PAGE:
One should be at Court sufficiently early to obtain a copy of the final version of the Facts document, if not, ask for time to properly absorb it. Advise your client of its significance, as the factual basis upon which he or she will be sentenced. As with all things associated with responsible advocacy never be tempted into saying that you can read and absorb any vital and complex material at the bar table if this is, in fact, not the case. Ask for time, in this context in terms of a half hour, an hour or so, not days or weeks.

As to the resolution of factual disputes on sentence, see R v O'Neil [1979] 2 NSWLR 582 which states the proposition that the establishing of disputed aggravating factors requires proof beyond reasonable doubt. Wherever possible, likely disputes should be resolved well before a hearing by negotiation with your opposition. One guaranteed method of getting vigorous opposition is to spring a disputed issue on your opposite number as he or she wheels the heavily laden file trolley through the court door. The same precautions should be exercised with pre sentence reports. If the Probation Officer has not sought you out before the hearing you will sometimes have an opportunity to obtain the report. When the Judge first calls through the list to determine priorities. At this point you should inquire if the report is on the Registry file in court and seek some time, if necessary to consider it. In that interval perusing any positive expert reports you intend to tender may assist the Probation Officer. Ideally, if there has been some positive counselling or treatment regime in place, the Probation Service should have been made be aware of this earlier. Be careful not to "excuse" the attendance of an officer who does not want to be delayed at court. If you do not require the officer you may say so but make it clear that it is for the Judge to excuse the witness. This is a small courtesy to the court that can be satisfied early by the simple indication to the Judge that you do or do not require the officer, as the case may be. A lawyer's day can turn very nasty indeed when the lawyer unwittingly 'excused - a probation officer and thereby committed what many Judges regard as an unpardonable sin.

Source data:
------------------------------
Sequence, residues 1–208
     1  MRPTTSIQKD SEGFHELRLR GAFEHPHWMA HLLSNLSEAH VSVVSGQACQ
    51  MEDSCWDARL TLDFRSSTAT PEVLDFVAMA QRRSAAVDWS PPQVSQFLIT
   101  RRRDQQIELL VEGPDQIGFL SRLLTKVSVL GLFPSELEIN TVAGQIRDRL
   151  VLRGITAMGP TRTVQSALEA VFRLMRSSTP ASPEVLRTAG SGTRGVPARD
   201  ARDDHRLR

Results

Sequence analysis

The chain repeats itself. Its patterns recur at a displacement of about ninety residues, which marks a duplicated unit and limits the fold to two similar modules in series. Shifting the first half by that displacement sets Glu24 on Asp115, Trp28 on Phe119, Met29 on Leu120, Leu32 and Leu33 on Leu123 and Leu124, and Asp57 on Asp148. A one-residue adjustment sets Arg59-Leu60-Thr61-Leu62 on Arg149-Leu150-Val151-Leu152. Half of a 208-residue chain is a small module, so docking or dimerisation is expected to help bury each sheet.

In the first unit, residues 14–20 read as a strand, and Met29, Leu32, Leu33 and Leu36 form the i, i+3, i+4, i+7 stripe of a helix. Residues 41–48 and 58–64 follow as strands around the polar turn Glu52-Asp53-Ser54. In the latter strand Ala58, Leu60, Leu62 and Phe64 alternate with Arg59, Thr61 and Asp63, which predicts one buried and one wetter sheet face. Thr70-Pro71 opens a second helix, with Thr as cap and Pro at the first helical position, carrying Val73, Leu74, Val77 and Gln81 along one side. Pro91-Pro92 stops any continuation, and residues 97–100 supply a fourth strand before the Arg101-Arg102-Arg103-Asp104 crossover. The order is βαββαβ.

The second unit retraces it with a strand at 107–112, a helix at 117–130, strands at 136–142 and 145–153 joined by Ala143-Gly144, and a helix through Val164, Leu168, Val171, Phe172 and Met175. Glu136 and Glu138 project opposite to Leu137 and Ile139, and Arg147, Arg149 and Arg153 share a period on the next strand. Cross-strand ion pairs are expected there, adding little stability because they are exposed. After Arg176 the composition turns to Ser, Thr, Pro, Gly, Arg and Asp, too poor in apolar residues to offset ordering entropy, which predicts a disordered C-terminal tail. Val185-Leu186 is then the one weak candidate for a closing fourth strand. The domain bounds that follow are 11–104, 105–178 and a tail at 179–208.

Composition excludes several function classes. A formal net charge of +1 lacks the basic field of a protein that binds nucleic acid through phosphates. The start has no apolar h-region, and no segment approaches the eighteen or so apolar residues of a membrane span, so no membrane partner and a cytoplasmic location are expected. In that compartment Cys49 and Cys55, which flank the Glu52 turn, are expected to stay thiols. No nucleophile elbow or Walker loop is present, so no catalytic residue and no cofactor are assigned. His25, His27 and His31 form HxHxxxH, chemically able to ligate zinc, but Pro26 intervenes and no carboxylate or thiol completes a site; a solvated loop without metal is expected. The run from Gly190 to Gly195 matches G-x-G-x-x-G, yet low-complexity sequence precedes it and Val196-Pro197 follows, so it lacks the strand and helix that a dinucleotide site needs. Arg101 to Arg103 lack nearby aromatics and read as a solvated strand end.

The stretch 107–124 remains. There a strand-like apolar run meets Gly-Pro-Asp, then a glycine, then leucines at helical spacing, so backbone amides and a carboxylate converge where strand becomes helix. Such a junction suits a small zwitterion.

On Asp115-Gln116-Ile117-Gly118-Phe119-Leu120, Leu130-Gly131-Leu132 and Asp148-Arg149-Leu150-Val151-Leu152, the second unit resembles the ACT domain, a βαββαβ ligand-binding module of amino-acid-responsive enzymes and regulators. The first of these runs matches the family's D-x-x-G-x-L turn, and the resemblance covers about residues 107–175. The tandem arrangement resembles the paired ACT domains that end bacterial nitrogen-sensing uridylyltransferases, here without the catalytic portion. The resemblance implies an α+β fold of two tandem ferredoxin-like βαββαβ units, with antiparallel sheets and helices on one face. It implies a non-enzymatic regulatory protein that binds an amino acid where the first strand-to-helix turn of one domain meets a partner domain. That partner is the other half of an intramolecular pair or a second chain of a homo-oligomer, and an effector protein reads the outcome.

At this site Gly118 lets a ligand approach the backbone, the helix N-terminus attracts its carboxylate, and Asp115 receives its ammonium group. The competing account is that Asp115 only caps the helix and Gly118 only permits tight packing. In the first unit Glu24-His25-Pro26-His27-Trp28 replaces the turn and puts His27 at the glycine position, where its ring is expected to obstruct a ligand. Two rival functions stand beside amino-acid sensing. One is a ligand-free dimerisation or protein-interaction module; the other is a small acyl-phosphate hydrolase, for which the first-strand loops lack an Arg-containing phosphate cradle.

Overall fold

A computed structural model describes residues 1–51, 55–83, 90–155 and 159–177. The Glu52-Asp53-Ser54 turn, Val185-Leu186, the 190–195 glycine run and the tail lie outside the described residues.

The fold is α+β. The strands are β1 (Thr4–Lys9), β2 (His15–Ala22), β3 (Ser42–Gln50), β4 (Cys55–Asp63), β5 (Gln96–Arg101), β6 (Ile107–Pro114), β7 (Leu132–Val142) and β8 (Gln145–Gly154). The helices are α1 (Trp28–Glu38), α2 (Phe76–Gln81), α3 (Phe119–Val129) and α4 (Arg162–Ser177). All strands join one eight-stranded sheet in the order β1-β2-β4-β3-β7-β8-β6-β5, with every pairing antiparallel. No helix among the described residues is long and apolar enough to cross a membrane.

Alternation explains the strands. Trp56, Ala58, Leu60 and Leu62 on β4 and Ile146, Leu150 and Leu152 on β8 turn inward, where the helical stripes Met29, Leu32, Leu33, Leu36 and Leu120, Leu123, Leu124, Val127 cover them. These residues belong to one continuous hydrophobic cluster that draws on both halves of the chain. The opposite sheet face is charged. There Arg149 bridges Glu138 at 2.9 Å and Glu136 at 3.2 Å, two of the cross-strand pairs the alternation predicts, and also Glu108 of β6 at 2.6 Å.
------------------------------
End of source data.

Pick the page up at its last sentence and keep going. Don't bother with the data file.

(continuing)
The Crown will lead, either through a witness or by way of a document, evidence of the client's prior record. As observed earlier, clients are not always a reliable source of this information and one should always check the official document and ask the client whether he or she agrees with the entries rather than relying on the client's memory. Although fairly rare now, it is also not unknown for the record to be wrong. Common ethnic names and uncertainty of birth dates amongst ethnic communities from countries where reliable records are not kept indicates the need for some caution. If the client insists that it is indeed wrong, as distinct from something one no longer remembers, you should make that dispute clear to the court even if it occasions an adjournment for the prosecution to make further inquiries.
If your client has other matters outstanding that should be placed on a Form 1 document you should confirm those instructions at an early stage and ask the DPP to approach the police informant with a view to having those matters taken into account with a matter already on indictment or the subject of a committal for sentence. This process may take some weeks and if not completed at the time of sentence you should ask for an adjournment.

Victim Impact Statements: